McGraw-Hill announced two appointments in its Education divisions: William Oldsey has been named EVP McGraw-Hill Education, replacing Julie McGee, and reporting to Henry Hirschberg, who has just been named President.
As noted in PW, Bloomberg Press has streamlined its reporting structure, and John Crutcher has been appointed to the newly created position of Publisher, with Editorial, Marketing, and Sub. Rights reporting to him. He reports to Bill Inman, Editor-in-Chief of Bloomberg Publishing. To elaborate on their announcement, Christine Miles has moved over from Bloomberg Personal Finance magazine, which closed last year, to the Press, as Senior Editor. Kathleen Peterson has been named Executive Editor for an as yet unnamed new professional finance and investing line that will be launched in 2004. Editorial Director Jared Kieling (who recently brought in The Economist books), now reports to Crutcher. Bloomberg Press, which was founded in 1996, has had “continued profit and revenue growth” since its founding.
Rebecca Mancini has been promoted from Associate Director of Subsidiary Rights to Director of Children’s Rights for Houghton Mifflin’s Trade & Reference Division. . . Greer Hendricks, Senior Editor of S&S’s Atria imprint, has been promoted to VP. Jen Bergstrom has been promoted to Associate Publisher of S&S Children’s, and EVP, Publisher Robin Corey was given responsibility for two more imprints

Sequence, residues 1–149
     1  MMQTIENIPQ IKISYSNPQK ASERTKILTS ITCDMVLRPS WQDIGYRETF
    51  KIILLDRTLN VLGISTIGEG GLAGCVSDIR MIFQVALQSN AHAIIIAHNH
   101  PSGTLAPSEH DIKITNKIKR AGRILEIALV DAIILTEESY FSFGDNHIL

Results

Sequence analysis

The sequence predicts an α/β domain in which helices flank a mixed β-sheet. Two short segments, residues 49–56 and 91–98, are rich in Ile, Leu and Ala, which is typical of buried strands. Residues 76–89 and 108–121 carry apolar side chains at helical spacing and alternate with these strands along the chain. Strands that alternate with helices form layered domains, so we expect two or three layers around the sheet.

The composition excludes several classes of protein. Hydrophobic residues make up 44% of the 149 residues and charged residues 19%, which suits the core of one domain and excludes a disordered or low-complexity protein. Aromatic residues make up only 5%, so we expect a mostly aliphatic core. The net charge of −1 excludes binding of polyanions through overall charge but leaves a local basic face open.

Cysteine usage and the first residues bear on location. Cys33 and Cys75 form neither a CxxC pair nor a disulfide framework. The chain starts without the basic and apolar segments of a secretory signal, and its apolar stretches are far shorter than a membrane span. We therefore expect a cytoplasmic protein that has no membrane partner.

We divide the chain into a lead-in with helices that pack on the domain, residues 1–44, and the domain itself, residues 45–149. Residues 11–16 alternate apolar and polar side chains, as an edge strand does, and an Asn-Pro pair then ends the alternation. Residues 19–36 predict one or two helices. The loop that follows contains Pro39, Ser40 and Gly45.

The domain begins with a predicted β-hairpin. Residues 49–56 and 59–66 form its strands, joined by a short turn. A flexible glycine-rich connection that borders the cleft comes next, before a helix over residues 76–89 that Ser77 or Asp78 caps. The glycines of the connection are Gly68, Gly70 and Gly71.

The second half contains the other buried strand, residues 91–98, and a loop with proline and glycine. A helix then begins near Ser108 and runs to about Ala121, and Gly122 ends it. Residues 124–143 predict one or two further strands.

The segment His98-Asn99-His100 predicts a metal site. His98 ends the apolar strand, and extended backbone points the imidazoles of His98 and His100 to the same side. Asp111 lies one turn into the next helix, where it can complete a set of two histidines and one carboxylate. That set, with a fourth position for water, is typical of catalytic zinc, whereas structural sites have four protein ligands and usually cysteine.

. . . Melody Guy, who runs Villard’s Strivers Row, has been given the added responsibility for Ballantine’s One World.
The Feminist Press celebrates its 33rd year with a gala dinner on April 7. AAP’s Pat Schroeder and Congresswoman Nancy Pelosi are the honorary dinner chairs, and Carol Jenkins is the program host. There will be a tribute to Tillie Olsen, as well as an awards ceremony. Call Lorelei Enterprises at (212) 838-2660 for information.
• NYU’s Center for Publishing is offering a “Scandinavian Literature in Translation” day on April 24th. The focus will be on Sweden, and major Scandinavian publishers — along with American publishers who buy translations (New Press’s Andre Schiffrin, Texere’s Myles and Lee Thompson, etc.) — will be featured on a series of panels. The fee is $75. Contact email@example.com or call (212) 790-3232 for details.
• April is National Poetry Month and City Lore and Poets House, in collaboration with the Bowery Poetry Club, will celebrate “A Woodstock for Words” at the People’s Poetry Gathering, April 11-13. The 2003 Theme is ballads and epics, with poets from Bosnia, Lebanon, Morocco, and Pakistan, and a Grand Peace Reading finale. For more information contact City Lore at (800) 333-5982. Also check The Academy of American Poets web site, www.poets.org, for their events calendar.